Embassies abroad: 97
Cultural missions: 0
Total international aid spending per year: $4.2bn
Foreign students: 250,000
Olympic medals won at last summer and winter Games: 38
Improve asylum-seeker policies. If the government’s measures are proven to deter people from trying to reach Australia by boat, then surely asylum claims can be more speedily processed and conditions made bearable.
This year's lead roles mean that the actress is due another glut of Oscar nominations. Australia would give Blanchett her own postage stamp if she hadn't already been given one in 2009.
Generosity aside, Sweden needs to do more to make its new residents feel welcome
Sweden is a force to be reckoned with in business, culture and politics. Its neighbours can’t match the sheer number of its big brands such as Volvo, Ikea and h&m and, over the past decade, the country has become the world’s number-one exporter of chart music. Every autumn Sweden attracts the attention of global intelligentsia as the Nobel Prize laureates are announced. In the current refugee crisis in Europe, Sweden has – alongside Germany – shown its liberal side. The country opened its doors to refugees back in 2013, giving all asylum seekers from Syria permanent residency.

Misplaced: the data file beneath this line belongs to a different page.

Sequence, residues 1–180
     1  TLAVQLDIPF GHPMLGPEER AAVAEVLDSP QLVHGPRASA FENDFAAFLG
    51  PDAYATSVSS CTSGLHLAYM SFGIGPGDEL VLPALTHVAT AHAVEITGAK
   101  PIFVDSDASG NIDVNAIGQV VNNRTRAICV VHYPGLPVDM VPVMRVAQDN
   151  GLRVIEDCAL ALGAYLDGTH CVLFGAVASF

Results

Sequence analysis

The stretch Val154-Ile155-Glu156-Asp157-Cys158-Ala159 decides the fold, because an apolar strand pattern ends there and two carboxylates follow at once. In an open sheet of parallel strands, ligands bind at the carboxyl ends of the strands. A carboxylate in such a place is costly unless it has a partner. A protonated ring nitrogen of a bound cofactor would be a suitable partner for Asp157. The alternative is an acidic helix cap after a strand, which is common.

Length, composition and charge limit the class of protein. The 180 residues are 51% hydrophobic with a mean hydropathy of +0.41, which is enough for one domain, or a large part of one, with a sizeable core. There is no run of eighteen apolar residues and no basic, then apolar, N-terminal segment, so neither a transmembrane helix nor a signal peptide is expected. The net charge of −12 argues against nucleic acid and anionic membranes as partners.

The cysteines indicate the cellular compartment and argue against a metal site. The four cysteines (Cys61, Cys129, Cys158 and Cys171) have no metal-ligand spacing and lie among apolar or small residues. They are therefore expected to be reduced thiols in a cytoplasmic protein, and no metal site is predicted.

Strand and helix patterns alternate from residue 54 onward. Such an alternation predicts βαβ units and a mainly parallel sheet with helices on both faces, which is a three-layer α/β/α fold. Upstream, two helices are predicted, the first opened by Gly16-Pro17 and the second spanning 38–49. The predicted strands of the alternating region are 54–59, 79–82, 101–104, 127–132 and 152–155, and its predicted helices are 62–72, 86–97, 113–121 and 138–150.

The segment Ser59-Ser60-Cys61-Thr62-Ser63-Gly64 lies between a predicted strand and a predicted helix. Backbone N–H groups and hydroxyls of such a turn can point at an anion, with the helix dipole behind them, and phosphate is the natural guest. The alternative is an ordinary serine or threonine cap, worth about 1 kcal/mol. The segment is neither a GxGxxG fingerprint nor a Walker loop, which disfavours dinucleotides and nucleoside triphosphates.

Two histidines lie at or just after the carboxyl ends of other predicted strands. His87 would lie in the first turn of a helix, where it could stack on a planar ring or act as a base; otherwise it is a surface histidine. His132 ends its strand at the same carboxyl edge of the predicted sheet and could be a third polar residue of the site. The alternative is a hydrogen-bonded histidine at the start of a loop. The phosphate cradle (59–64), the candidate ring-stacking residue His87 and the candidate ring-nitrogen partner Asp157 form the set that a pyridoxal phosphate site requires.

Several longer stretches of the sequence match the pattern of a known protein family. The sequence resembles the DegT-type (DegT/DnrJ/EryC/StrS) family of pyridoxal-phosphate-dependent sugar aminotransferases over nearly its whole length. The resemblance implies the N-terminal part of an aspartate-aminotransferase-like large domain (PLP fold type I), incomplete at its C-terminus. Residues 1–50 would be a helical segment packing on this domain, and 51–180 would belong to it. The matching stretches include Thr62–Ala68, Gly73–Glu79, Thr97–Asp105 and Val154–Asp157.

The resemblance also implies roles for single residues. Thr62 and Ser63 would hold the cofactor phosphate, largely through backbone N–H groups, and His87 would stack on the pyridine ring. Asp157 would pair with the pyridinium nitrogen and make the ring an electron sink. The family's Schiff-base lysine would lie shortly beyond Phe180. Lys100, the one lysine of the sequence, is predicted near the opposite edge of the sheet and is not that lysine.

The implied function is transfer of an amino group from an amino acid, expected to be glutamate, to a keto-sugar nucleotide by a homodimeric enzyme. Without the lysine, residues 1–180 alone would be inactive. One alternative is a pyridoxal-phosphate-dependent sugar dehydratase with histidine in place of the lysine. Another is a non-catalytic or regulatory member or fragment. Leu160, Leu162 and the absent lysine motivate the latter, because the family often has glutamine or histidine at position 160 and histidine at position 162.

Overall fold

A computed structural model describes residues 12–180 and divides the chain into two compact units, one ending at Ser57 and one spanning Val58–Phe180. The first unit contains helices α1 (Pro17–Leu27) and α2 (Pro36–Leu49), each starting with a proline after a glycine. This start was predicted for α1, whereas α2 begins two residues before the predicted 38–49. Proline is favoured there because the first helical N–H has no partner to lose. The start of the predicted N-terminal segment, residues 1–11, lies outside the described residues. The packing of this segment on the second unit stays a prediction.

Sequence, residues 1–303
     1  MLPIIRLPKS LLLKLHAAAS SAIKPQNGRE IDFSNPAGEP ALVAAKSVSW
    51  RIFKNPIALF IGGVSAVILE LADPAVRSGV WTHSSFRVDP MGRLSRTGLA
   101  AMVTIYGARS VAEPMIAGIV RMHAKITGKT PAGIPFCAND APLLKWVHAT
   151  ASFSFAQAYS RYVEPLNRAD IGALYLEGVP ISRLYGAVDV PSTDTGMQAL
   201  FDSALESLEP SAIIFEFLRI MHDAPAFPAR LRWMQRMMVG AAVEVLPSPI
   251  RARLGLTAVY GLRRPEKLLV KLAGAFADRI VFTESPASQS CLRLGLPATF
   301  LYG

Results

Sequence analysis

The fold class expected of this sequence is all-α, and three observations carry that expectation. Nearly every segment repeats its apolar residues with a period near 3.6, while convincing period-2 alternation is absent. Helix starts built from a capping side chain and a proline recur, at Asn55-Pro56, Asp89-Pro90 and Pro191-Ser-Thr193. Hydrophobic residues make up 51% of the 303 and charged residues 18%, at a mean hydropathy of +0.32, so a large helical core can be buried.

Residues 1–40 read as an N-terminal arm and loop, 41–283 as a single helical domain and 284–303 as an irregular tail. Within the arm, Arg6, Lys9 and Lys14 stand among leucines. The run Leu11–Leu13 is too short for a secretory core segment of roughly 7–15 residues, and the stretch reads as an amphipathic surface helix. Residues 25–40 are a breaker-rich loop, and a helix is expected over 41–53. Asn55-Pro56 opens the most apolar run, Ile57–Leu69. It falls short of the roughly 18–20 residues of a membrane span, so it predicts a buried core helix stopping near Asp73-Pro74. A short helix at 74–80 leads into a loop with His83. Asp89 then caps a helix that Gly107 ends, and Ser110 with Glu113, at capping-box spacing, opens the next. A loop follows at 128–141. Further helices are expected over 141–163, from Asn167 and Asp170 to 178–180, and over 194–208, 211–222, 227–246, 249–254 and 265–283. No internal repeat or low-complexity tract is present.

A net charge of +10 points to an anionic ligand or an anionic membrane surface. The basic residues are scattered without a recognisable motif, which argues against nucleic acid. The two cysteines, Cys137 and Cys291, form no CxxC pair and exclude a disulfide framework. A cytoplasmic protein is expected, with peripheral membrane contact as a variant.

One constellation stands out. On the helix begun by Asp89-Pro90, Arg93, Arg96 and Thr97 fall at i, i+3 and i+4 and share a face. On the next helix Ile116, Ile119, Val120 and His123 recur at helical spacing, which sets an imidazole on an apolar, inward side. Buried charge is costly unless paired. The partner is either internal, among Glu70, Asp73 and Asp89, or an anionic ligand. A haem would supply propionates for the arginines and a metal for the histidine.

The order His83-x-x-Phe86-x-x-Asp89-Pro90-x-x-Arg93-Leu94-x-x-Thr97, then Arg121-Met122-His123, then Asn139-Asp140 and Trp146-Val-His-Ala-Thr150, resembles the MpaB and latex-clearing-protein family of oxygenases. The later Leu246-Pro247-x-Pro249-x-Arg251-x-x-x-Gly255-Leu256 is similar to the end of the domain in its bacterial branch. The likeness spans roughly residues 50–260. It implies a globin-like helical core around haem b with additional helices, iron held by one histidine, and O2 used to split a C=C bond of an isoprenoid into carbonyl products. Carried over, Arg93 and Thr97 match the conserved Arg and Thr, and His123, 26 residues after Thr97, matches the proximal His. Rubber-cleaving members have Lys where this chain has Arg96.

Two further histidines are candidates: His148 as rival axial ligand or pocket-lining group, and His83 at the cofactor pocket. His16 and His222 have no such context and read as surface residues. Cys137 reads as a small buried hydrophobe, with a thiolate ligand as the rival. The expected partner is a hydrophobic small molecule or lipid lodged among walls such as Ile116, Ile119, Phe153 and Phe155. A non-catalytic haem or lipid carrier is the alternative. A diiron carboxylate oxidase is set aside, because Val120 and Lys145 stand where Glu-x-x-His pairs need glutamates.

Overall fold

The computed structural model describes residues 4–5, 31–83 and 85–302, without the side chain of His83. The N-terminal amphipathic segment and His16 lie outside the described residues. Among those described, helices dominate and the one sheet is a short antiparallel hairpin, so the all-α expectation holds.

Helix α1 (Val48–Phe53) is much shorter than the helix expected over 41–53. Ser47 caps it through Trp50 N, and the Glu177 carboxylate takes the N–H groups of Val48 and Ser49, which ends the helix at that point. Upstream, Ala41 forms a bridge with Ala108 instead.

Embassies abroad: 89
Cultural missions: 2
Total international aid spending per year: $6.2bn
Foreign students: 28,000
Olympic medals won at last summer and winter Games: 23
Sweden gets points for generosity but integration – especially outside Stockholm – has become an issue. The way established parties have dealt with the rise of the far-right Sweden Democrats has so far been a failure.
Professor Hans Rosling, whose entertaining way of debunking myths about global health, poverty and migration has made him a celebrity statistician.
It knows what it’s about: its expertise and exactitude would be a welcome export
Switzerland should be the nation that gives all others hope. It’s small; just 8 million people are packed in among the mountains and lakes. It’s rarely influential on the international scene (can anyone name the Swiss foreign minister, for example?) yet it is well-run, the economy seldom suffers shocks, its schools are excellent, healthcare is second to none and everyone wants to go there on holiday. It makes things – and does so exceedingly well. Despite the launch of smart watches, a perfect piece of Swiss precision is still most people’s number-one choice. It is a country that has an identity and, on the whole, it plays up to it well.
Embassies abroad: 106
Cultural missions: 11
Total international aid spending per year: $3.5bn
Foreign students: 44,000
Olympic medals won at last summer and winter Games: 15
Swiss Federal Railways is one of the best national railways in the world. It’s time it started competing for contracts abroad. Who wouldn’t want their railways run by the Swiss?
The “Fed” of today is very different from the one who topped the tennis rankings for years on end. Ever the perfectionist, he wants to carry on doing things his way for as long as he can.
Despite its wealth and famed happiness, Denmark's swing to the right is a concern